I had an old dog whose name was Paws because he had very large “ones”. As a puppy, he would trip over his own dog feet looking comical and sad at the same time. He had a pathetic demeanor.
Paws lived outside during the day. He was only allowed inside to sleep in the cellar, which was not a bad place. He had his own comfortable chair, some tattered carpet and all the other comforts of a suitable home. Thing about Paws, is that he got awfully smelly from being outside and therefore he earned another nickname. “Paws, you stink.”
As soon as he came through the back vestibule, we held our noses, called him Paws you stink, and he headed directly for the basement.
One day, while crossing the road in front of our house, a passing car hit him. He just managed to avoid serious injury but his hip sustained a small fracture. He was shaved, stitched and bandaged. Of course, we gave him a lot of sympathy during his wretched ordeal. He was allowed to sleep upstairs in the dining room. He learned in short order that limping brought kind words and gestures
When the vet said he was sufficiently healed, he was released to the yard, where he ran unfettered on our seven acres. However when he was disciplined because he found a foul smelling substance to lie in, he returned to the limp. Instead of going to the cellar at the end of the day, he would look pitiable and limp. He was hoping that we would offer him the healing basket in the sunny dining room. It was not to be.
Paws lived a good life in spite of his unattainable quest to become a house pet. I think it was about 17 years. I remember when we had to put him down Mom and I cried all the way to the vet. The house and the yard seemed empty without him. We never owned another dog after he died.
I cannot begin to tell you how many times I think of that hound; particularly when I see someone using his or her adversity to get attention. We all do it at one time or another.
My grandmother lived alone in a small apartment, after my grandfather died. When we called to look in on her the conversation would invariably go like this:
“Hi, Nana, how are you feeling today?”
“Not so good, (whine)” would be the answer.
“Oh, that is too bad” I would say. “ I was going to take you out to lunch.”
“I’ll be ready.” Her now enlivened voice would respond.
She had learned over the years, that whining was a good way to get attention.
As a child I knew that I could bring my parents to a halt by being sick. Having a fever meant new crayons and a coloring book. Having a tummy ache brought warm tea and saltine crackers to my bedside. I pretended that I was the princess of white, propped up just so on my fluffed pillows. My mother always brought me a bed tray and it didn’t take long for me to learn that being sick was the way to get sympathy and extra doses of love.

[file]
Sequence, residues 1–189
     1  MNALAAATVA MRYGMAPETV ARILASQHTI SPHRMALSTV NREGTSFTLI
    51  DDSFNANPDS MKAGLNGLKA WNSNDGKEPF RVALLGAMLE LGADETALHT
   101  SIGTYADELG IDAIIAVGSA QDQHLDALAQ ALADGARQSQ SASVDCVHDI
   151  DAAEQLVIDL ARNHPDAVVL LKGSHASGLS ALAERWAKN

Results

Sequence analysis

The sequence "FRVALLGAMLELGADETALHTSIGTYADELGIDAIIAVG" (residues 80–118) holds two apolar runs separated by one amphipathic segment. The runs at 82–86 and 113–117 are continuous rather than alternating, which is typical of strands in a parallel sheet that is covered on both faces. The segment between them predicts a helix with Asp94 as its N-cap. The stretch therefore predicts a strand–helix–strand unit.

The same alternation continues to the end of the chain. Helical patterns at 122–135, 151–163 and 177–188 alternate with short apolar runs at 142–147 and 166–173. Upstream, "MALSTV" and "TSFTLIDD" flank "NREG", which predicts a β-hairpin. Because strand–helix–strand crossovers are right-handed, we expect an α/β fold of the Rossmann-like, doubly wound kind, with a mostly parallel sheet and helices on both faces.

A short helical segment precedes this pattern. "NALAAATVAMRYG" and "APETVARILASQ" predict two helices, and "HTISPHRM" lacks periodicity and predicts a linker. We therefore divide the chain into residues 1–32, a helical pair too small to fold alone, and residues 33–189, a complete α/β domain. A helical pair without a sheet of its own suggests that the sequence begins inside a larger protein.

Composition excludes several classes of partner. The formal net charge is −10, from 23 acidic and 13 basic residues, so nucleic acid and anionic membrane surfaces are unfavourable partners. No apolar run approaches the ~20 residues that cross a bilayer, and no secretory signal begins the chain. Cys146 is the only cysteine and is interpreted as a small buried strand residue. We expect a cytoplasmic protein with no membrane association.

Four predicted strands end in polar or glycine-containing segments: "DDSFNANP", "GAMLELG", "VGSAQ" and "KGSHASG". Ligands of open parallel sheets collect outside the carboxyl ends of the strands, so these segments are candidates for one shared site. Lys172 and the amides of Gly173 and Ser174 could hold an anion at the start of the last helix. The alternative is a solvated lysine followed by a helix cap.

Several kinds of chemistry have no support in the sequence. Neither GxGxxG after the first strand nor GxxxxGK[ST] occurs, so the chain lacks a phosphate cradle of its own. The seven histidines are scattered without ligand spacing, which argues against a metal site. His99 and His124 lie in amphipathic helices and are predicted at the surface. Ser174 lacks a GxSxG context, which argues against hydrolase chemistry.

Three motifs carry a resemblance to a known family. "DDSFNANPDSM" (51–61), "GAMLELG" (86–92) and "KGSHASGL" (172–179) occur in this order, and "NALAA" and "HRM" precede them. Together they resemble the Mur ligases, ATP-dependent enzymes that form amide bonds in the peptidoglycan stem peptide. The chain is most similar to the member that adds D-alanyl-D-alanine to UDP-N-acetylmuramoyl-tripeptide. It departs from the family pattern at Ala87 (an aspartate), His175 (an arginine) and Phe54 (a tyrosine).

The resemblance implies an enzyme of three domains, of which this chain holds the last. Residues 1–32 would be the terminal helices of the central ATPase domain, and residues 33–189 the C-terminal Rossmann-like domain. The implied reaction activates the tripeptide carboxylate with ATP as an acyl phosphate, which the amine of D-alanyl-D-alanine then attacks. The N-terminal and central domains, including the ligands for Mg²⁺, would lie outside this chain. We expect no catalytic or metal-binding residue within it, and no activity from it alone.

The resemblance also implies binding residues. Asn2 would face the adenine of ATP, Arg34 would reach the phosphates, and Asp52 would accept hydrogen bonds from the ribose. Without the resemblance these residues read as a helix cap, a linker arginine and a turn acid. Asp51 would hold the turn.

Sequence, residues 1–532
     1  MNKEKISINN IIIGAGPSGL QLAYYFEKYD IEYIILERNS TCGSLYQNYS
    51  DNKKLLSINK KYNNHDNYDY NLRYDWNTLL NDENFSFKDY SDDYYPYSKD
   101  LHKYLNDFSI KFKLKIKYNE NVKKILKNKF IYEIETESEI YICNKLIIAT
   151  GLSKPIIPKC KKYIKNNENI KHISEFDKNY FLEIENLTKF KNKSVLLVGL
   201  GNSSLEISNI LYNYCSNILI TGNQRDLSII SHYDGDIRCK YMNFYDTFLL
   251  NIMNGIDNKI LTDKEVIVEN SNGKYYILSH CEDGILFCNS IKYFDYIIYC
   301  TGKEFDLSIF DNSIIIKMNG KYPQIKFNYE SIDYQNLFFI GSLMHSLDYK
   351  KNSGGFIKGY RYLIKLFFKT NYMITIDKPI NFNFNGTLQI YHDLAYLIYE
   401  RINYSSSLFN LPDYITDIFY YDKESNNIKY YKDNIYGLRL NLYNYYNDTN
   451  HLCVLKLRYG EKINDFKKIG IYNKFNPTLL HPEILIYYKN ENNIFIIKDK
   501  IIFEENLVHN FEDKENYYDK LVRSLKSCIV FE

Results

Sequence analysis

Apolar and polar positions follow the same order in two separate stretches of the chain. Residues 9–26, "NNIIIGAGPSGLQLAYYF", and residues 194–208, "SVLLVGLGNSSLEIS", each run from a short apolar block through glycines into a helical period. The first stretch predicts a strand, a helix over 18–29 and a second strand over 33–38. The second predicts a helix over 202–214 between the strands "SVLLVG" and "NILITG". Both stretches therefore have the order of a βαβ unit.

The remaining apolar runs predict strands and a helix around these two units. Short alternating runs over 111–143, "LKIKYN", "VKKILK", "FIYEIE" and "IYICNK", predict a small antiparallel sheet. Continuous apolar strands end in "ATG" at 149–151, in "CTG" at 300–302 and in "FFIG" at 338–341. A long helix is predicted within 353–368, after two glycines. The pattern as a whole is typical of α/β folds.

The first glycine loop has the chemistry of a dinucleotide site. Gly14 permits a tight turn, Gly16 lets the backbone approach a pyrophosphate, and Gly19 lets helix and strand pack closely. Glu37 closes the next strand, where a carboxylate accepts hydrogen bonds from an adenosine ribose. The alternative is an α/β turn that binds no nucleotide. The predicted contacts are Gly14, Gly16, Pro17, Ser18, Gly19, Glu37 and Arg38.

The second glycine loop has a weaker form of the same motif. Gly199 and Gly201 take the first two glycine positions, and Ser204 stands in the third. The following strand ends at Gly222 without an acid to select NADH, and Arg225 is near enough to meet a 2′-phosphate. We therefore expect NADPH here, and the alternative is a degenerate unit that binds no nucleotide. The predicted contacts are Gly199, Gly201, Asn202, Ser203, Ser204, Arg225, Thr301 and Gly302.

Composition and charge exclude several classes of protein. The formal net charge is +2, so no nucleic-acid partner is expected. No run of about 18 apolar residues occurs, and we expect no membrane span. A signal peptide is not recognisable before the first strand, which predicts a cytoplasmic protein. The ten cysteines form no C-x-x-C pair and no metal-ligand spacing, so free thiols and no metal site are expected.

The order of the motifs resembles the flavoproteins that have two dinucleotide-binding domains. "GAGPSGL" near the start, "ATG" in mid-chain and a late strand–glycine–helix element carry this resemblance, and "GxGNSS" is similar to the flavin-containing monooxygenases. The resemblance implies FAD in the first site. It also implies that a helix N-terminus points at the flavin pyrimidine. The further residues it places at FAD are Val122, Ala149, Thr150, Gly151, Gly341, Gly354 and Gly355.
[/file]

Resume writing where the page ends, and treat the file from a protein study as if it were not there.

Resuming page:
In retrospect I think that too much time was spent in the “sick room.” For although I had a very normal childhood it included hospital stays for a ruptured appendix, pneumonia and isolation for scarlet fever. My parents liked to tell the story of my near brush with death ad nausea and to my embarrassment. “Poor Anne”, they would say. My siblings hated it and so did I. Since we were just on the cusp of the antibiotic era there was an inherent fear of dying over what we now consider to be milder and treatable disorders. I do not know exactly when it happened but the princess of white became the witch of the sick room. I could not stand isolation or attention, which was given to me for being infirm.
I developed a low tolerance for those who used their adversity for special treatment. I admired those who became stronger because of their hardship and chose to work through their pain to achieve new ends. It was one thing to be sick but another to be weak.
Instead of my beloved grandmother’s approach to life, I followed the example of my aunt Sara. She ran a household from a wheel chair. Although she never drove but managed to get everywhere with the aid of friends, taxis, and senior services. She cooked and baked and paid her “helpers” with good food and good stories. She died in her 70s but even in her last days she found a way to comfort us with her sense of humor and curiosity about the process. I expect she developed her strength from the realization that sympathy is short lived, whereas fortitude is admired and respected.
At my winter home, which is largely a senior society, we accommodate each other’s adversities, bringing casseroles, soup and sending get-well cards. We post sad news on the bulletin board, and we constantly want to know how “we are doing.” Inasmuch as we are all vulnerable to the “end game” we support each other. There are no whiners among us. Although we often share a little ‘wine’ after golf. And on the “19th hole some whining over a poor game is allowed.
Many of us limp a little due to arthritis and chronic back problems. We older athletes have frequent injuries, which are attributed to our age. As a group we still participate in many of the same activities we have always enjoyed albeit, slower. When my kids call to ask how I am doing, the answer is almost always, “fine”. I might add a tidbit about how I feel better here in the warmth of Florida. For you see, I learned from Paws, that it might just take a wee bit of limping to secure a spot in the sun.